CINCINNATI — The Reds had two players on the National League roster at Tuesday’s All-Star Game in Cleveland. The fact that both of them were pitchers says a lot about how things went for the team during the proverbial first half of the season.
All-Stars Sonny Gray, one of the signature acquisitions during the offseason, and Luis Castillo, a key part of the club’s rebuilding efforts, led a pitching staff that was among the best in baseball through 87 games.
The Reds’ team ERA of 3.77 ranks second in the NL and third in the majors. Six major-league staffs currently have ERAs under 4.00 and the Reds are one of them.
Castillo’s almost limitless potential was on display in the first half with an 8-3 record and stellar 2.29 ERA, good for second-best in the NL.
Only two starting staffs in the NL have ERAs better than the Reds’ mark of 3.60 -- the Los Angeles Dodgers and Washington Nationals. And left-hander Alex Wood, another heralded offseason addition who is rehabbing a lower back issue, hasn’t even pitched for the Reds yet. He is expected to return this month.
Shortly after David Bell was hired as manager, he made two key hires: hitting coach Turner Ward and pitching coach Derek Johnson. If you talk to Reds pitchers, Johnson is the man solely responsible for turning the pitching staff around.
“Making the transition to Cincinnati has been an amazing experience,” Gray said. “Credit to DJ. He taught me how to pitch twice (in my career). He’s really good at the mental preparation and putting together a (pitching) package for you. He instills confidence in guys. He works hard at it, too. He’s hands down the best pitching coach there is.”
The Reds’ win-loss totals would be a lot better had it not been for the club’s poor first half at the plate. Gray posted a 3.59 ERA in the first half but was 5-5. Tyler Mahle had a serviceable 4.47 ERA but with nine defeats. Tanner Roark’s 3.51 ERA is better than Gray’s, but he is 5-6.
That brings us to the cusp of the issue. Pitching is the reason the Reds are only 4.5 games out of first place. Hitting is why they are in last place.
Talk about flipping the script. The Reds’ objective last winter was to strengthen their pitching staff. Mission accomplished. But few could have predicted how much this club would struggle offensively, especially after the offseason acquisition of Yasiel Puig and the arrival of Nick Senzel.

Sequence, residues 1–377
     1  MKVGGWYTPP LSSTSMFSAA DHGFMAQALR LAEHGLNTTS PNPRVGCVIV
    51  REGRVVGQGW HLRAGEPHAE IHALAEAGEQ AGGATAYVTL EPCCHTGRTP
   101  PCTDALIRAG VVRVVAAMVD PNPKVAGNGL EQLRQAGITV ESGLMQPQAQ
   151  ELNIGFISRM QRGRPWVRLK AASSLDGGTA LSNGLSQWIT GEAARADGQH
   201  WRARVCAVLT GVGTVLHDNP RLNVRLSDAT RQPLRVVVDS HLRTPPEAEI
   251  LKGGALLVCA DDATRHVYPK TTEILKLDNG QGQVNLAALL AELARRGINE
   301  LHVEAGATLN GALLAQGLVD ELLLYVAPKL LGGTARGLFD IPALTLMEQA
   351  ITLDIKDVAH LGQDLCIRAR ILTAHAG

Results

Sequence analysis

Scooter Gennett’s injury didn’t help, but the Reds will begin the second half of the season with a .235 batting average. Only the San Francisco Giants’ is worse. The Reds rank at or near the bottom of the NL in runs, hits, RBI and slugging. Oakland’s Mike Fiers no-hit them on May 7.
We’ve been saying all year that the track records of the players involved offers hope that the Reds will eventually turn things around offensively. But while they have shown signs of breaking out in recent weeks, 87 games is a sizable sample.
There are reasons for optimism, however.
Joey Votto, who is notorious for slow starts at the plate, was batting .206 on May 12. But in his last 34 appearances heading into the All-Star break, he hit .354 with an on-base percentage of .428. Since May 10, Yasiel Puig leads the team with 15 homers and 34 RBIs. Gennett could be back following the break after left groin tightness interrupted his return from a spring-training groin injury.
So, the Reds are in kind of a weird spot. Although they are within striking distance of first place in the Central and firmly in the Wild Card race at the break, they are still five games under .500, and as long as they have a losing record, playoff chances are unrealistic.
The Reds have some decisions to make at the July trade deadline. They are not quite wholesale buyers with deep coffers, nor are they sellers willing to dispose of quality prospects so soon after enjoying the spoils of picking seventh, fifth and second in the past four drafts.
The most obvious trade options at the major-league level are Puig and Roark, who are free agents after this season. Gennett could be dealt, as could Jose Peraza and possibly closer Raisel Iglesias, who has seven losses. Shortstop Jose Iglesias, who was an unheralded offseason signing by the Reds, was the surprise of the first half. He also could be trade bait. His 78 hits rank third on the team.
For now, Reds players not named Castillo or Gray have headed home to get some downtime, which comes at the right time after being outscored 18-3 in a two-game series sweep by the Cleveland Indians over the weekend.
The key in the second half for the Reds will be to find the consistency necessary to finally eclipse the .500 mark. Only then can postseason aspirations put four straight 90-plus-loss seasons in the rearview mirror.
“Guys will be anxious to get back to playing,” Bell said. “One thing that has allowed us to be in the position we're in is we bounce back. We've talked about it as a team. The team that succeeds in this division is the team that bounces back and just stays relentless. We’ve been able to give ourselves a chance in the second half.”